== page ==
THRICE COLONIZED and with an archipelagic landscape, the Philippines is a young nation constantly in search of self. History is central to this search for identity and thus the teaching of history in schools is both informative (as an academic discipline that studies the past) and formative (when the past is utilized to place the student in the context of the nation--its past, present and future). Thus, the structure and presentation of history in textbooks, classrooms, official holidays and commemorations, street names and monuments, while seemingly innocent, become contested territory when history as a social science or an academic discipline becomes a handmaid to citizenship, nation building and nationalism.
It is the beginning of yet another semester, and I will enter a classroom and have 80 pairs of eyes following me around, 80 pairs of ears that I presume are listening to every word that proceeds from my lips. I have been teaching since 1985, but I still feel stage fright at the beginning of every term.
The first day is crucial. While many teachers are content with meeting the class, distributing the syllabus and explaining course requirements, I give a full lecture using all the tricks I have learned over the years. Students will remember your first day. If you do well, that first impression will be carried till the end of the term. If you don't make an impression, you are doomed for the whole term. You can never catch up, you can never make up.
While I have always been interested in history, I did not foresee my future as an academic and didn't really prepare for my future (my undergraduate thesis was actually on "Food in Kapampangan Culture"). The turning point in my life came when I met two senior members of the National Historical Institute: the late E. Aguilar Cruz (journalist, writer, painter, wonderful raconteur who served as permanent Philippine representative to Unesco in Paris--all this without having finished college) and the late Teodoro A. Agoncillo (nationalist historian, opinionated raconteur, academic who built a distinguished and colorful career likewise without a PhD). Agoncillo got me interested in research, Cruz opened doors to a career in journalism where I specialized in history.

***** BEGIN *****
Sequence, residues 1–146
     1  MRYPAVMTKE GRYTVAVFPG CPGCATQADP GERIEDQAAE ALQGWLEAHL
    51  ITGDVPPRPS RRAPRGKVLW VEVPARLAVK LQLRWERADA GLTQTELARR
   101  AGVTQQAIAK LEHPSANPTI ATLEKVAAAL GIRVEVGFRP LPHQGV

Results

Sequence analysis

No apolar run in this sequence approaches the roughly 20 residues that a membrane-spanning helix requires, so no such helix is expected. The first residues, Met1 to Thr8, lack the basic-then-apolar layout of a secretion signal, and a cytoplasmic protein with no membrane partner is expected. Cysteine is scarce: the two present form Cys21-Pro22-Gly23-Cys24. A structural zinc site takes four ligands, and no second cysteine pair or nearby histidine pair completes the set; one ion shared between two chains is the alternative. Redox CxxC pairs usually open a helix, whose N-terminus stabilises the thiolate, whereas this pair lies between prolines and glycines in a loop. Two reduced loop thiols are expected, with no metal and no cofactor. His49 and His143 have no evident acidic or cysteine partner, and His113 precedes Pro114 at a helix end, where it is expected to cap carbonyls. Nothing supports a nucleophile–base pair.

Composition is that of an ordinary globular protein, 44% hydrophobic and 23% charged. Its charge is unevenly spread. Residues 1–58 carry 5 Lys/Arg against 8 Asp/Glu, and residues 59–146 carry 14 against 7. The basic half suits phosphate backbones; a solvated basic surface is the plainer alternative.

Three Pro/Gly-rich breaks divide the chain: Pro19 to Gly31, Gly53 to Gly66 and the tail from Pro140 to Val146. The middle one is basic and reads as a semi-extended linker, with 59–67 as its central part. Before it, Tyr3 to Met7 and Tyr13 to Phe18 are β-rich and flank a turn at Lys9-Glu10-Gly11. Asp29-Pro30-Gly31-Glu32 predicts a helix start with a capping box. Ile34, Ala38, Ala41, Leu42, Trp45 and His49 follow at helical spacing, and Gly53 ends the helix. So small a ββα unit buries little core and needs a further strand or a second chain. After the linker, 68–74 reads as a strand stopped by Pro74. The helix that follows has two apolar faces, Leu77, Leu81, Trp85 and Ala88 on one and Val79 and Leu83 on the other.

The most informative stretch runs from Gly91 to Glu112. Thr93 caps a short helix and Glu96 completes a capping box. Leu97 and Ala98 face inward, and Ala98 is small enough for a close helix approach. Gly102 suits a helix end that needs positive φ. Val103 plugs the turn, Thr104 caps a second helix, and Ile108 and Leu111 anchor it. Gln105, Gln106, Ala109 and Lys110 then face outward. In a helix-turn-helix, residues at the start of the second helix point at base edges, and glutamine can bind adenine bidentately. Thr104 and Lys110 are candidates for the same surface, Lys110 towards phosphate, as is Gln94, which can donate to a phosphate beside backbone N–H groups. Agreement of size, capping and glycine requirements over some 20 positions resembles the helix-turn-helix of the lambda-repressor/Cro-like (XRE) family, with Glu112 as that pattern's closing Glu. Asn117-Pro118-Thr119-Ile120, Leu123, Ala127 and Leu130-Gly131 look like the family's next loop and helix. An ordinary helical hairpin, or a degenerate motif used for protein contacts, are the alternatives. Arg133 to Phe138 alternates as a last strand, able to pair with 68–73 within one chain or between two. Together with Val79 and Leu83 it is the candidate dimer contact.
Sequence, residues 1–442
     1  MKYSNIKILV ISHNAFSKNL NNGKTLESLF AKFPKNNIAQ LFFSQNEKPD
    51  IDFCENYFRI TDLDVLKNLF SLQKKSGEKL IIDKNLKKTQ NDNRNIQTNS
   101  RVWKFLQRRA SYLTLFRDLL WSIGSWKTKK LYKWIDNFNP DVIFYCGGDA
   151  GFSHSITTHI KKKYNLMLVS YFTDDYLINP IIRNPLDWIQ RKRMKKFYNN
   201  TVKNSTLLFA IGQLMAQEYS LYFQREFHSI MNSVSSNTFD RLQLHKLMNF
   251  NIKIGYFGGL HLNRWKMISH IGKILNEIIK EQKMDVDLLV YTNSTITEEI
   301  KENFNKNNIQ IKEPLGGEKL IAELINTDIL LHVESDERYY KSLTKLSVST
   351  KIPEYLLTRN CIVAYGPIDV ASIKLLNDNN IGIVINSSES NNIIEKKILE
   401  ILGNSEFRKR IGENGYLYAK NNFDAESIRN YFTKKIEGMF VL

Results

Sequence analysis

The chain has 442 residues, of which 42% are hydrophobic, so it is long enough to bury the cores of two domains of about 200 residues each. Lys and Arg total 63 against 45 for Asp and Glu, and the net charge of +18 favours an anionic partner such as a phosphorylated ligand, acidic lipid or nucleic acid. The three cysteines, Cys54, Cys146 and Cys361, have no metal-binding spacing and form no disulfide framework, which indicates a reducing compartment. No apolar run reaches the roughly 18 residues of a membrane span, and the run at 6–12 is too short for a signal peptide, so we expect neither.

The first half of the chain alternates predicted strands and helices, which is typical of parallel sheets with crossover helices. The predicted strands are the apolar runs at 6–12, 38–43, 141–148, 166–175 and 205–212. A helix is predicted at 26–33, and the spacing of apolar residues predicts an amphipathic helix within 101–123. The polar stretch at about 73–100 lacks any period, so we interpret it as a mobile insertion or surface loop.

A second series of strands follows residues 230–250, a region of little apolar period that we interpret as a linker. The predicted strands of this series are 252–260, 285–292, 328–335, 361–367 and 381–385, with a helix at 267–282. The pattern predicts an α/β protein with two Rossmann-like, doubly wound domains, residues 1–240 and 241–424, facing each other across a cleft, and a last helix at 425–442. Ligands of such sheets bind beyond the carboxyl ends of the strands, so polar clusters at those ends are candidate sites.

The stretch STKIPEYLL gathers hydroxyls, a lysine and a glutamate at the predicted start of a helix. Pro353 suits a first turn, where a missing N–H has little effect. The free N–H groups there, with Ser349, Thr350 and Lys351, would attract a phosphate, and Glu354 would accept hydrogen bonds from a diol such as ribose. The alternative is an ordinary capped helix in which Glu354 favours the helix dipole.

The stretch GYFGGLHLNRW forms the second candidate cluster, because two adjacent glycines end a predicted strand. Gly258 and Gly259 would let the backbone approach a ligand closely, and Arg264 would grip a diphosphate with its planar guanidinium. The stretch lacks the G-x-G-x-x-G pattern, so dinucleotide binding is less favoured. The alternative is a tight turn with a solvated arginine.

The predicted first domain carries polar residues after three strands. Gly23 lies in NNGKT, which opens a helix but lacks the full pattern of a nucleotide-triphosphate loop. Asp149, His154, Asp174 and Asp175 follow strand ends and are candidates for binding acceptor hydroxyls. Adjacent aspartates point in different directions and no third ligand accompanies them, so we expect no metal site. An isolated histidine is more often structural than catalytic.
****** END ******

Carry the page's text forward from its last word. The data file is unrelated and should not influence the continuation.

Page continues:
I began writing in 1985, the tail-end of the Marcos period, in the pro-Marcos Daily Express. In those days of strict censorship, history was considered a "safe" subject and I was allowed to write anything I wished. Then, as now, sensitive readers noticed that I actually commented on the present using the past.
From the beginning, I have always been suspicious of textbook or official history, often asking questions or exploring other possibilities in something that has come down to us over the years as truth. Writing for the general reader also made me write without jargon, in a clear and simple way which is frowned upon by some constipated academics. To engage readers uninterested or hostile to history because of their traumatic experience with the subject in school, I would often write about the lives and times of men and women canonized as heroes to free them from their monuments of stone and bronze and make them human again. My light and often mischievous slant can also be credited to my having started my career in the same room as the infamous show-biz columnist Ricky Lo.
I wrote feature articles on history and eventually wrote a column that appeared in the Lifestyle/Entertainment page of the now defunct Daily Globe. Letty Jimenez-Magsanoc suggested that I move to the Inquirer or at least have my column moved from Lifestyle to the Opinion-Editorial page. I didn't realize it then, but I often wrote serious stuff but these were not taken seriously because the column appeared next to a photograph of Dolphy or a starlet in half a dress. I moved to the Inquirer in 1993 and now provide foil in a spread where columns comment mainly on politics and current social issues.
Professional and academic historians did not look kindly on popularization. While much of my writing is culled from primary sources, the style and form are not academic. Critics unfairly demand that my column utilize footnotes, have a clear theoretical framework, and should be written in the deadly prose better suited to academic journals. Partly as a result of this aggravation, I pursued (and still pursue) a PhD to get my license to practice history. Often addressed as "Doctor," I have always been tempted to have calling cards made with the letters "HpD" after my name instead of "PhD" to signify "Hindi pa doctor" (Not yet a doctor).
While I am an associate professor in the history department of the Ateneo de Manila University, it is journalism that provided me with a public voice that led to books, lectures, consultancies, and eventually my appointment as chairman of the National Historical Institute in 2002. It was then that I realized one of the great ironies of my life: I built a reputation as an iconoclast, my articles often challenged textbook or official history but with the stroke of a president's pen, I suddenly found myself the keeper of that same official history I had previously challenged.
With this personal introduction, I begin yet another semester introducing my students to the joys of Philippine history.
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